Muslims aren't permitted to take a one-way trip to Mars, at least according to a Khaleej Times report about a fatwa they say was issued by the General Authority of Islamic Affairs and Endowment in the United Arab Emirates. “Such a one-way journey poses a real risk to life, and that can never be justified in Islam... there is a possibility that an individual who travels to planet Mars may not be able to remain alive there, and is more vulnerable to death.” From the Khaleej Times:
Whoever opts for this “hazardous trip”, the committee said, is likely to perish for no “righteous reason”, and thus will be liable to a “punishment similar to that of suicide in the Hereafter”.

The committee, presided by Professor Dr Farooq Hamada, said: “Protecting life against all possible dangers and keeping it safe is an issue agreed upon by all religions and is clearly stipulated in verse 4/29 of the Holy Quran: Do not kill yourselves or one another. Indeed, Allah is to you ever Merciful.”

One-way trip to Mars prohibited in Islam Read the rest

India sending spacecraft to Mars for about 75% of 'Gravity' film budget

The Mangalyaan Mars Orbiter Spacecraft mounted in a rocket at the Satish Dhawan Space Center in India. Photo: Indian Space Research Organization, via NYT.

Saritha Rai, reporting for the New York Times on India’s recent launch of a spacecraft to Mars: "It is the $75 million mission’s thrifty approach to time, money and materials that is getting attention. Just days after the launch of India’s Mangalyaan satellite, NASA sent off its own Mars mission, five years in the making, named Maven. Its cost: $671 million. The budget of India’s Mars mission, by contrast, was just three-quarters of the $100 million that Hollywood spent on last year’s space-based hit, Gravity.” [] Read the rest

Like a zombie, China's Jade Rabbit lunar rover hops to life again after malfunction

A photograph of the giant screen at the Beijing Aerospace Control Center shows photo of the Yutu, or "Jade Rabbit" lunar rover taken by the camera on the Chang'e 3 probe during the mutual-photograph process, in Beijing December 15, 2013. REUTERS/Stringer

Earlier this week, it looked like China's malfunctioning lunar rover might be headed for the junk pile. But the week ends with great news: "Yutu has come back to life!" spokesperson Pei Zhaoyu told a Chinese state-run news agency. The probe " went into sleep under an abnormal status," he added.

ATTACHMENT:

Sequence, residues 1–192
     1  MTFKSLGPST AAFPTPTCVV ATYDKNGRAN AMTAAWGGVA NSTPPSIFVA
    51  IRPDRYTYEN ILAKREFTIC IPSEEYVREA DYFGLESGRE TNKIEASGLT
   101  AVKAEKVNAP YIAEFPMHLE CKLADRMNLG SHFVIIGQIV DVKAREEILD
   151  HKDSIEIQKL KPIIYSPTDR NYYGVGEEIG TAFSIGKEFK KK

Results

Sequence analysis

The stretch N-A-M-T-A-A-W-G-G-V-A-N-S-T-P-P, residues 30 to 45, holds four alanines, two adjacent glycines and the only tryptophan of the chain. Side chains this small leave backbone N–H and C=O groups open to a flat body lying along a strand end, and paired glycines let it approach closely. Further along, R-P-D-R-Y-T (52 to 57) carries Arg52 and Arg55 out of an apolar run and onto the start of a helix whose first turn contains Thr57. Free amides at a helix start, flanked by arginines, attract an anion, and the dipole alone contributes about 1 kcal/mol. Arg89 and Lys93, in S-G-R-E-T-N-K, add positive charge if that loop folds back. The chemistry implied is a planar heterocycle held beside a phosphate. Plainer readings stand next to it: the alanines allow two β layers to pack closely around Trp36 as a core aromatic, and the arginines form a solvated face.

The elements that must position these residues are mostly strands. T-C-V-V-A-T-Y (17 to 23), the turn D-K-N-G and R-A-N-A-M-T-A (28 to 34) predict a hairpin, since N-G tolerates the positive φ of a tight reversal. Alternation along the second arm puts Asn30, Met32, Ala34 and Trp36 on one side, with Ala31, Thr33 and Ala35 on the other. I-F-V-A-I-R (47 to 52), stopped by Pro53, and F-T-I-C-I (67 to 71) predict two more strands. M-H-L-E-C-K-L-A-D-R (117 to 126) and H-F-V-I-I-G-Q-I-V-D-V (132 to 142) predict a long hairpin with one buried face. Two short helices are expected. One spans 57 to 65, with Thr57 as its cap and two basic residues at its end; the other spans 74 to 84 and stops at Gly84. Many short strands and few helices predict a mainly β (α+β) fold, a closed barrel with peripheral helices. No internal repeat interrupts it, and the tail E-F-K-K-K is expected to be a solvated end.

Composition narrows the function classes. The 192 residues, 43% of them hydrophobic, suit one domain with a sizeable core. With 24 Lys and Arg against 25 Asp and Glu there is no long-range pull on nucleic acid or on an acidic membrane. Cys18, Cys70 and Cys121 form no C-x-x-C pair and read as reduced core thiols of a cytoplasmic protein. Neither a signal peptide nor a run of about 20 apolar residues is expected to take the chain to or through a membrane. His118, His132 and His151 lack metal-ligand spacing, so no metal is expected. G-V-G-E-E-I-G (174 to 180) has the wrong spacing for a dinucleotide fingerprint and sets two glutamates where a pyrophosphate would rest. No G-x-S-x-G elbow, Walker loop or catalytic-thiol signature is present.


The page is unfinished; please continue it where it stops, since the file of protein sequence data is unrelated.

The rover isn't out of the space woods yet: While normal signal reception capabilities have reportedly been restored, the cause of the initial issues remains unclear -- as does whether they can be fixed. But Pei says Jade Rabbit "stands a chance of being saved now that it is still alive."
A well-linked roundup at the Washington Post. Read the rest

Victorian mansion for sale with spaceship attic

There are lots of £3,250,000 mansions around London's Crystal Palace, but there aren't many whose attics have been converted to spaceship control rooms. The estate-agent-ese in the posting is enough to melt your eyeballs, but I gather that this place is has 8 bedrooms, is about 7,000sqft, and is both Gothic Grade II and Victorian Grade II listed (or possibly these are interchangeable).

11 bedroom detached house for sale (via Geekologie) Read the rest

Digitized items from the Carl Sagan archive go live on the Library of Congress site

The Library of Congress has acquired The Seth MacFarlane Collection of the Carl Sagan and Ann Druyan Archive, and has begun to catalog and digitize the materials in it, posting them to the library's website. The scanned materials include Sagan's personal papers, and are divided into three categories: models of the cosmos throughout history; history of the possibility of life on other worlds; Carl Sagan's life and contributions to science and society." Read the rest

Model spaceships inspired by classic science fiction paperback covers

Grant Louden is an artist in Milton Keynes who is working on a series of incredible sculptures based on the spaceships from classic sf pulp covers. The first one is Star Dwellers, based on Colin Hay's cover for James Blish's novel. Louden collaborated with Hay on the piece, and officially licensed it. The build is an amazing mix of Fimo, model parts, car body filler, and custom castings in rubber and resin. Needless to say, the detail is fantastic. Read the rest

Remembering the space shuttle Challenger disaster, 28 years later

[Click for large size.] Read the rest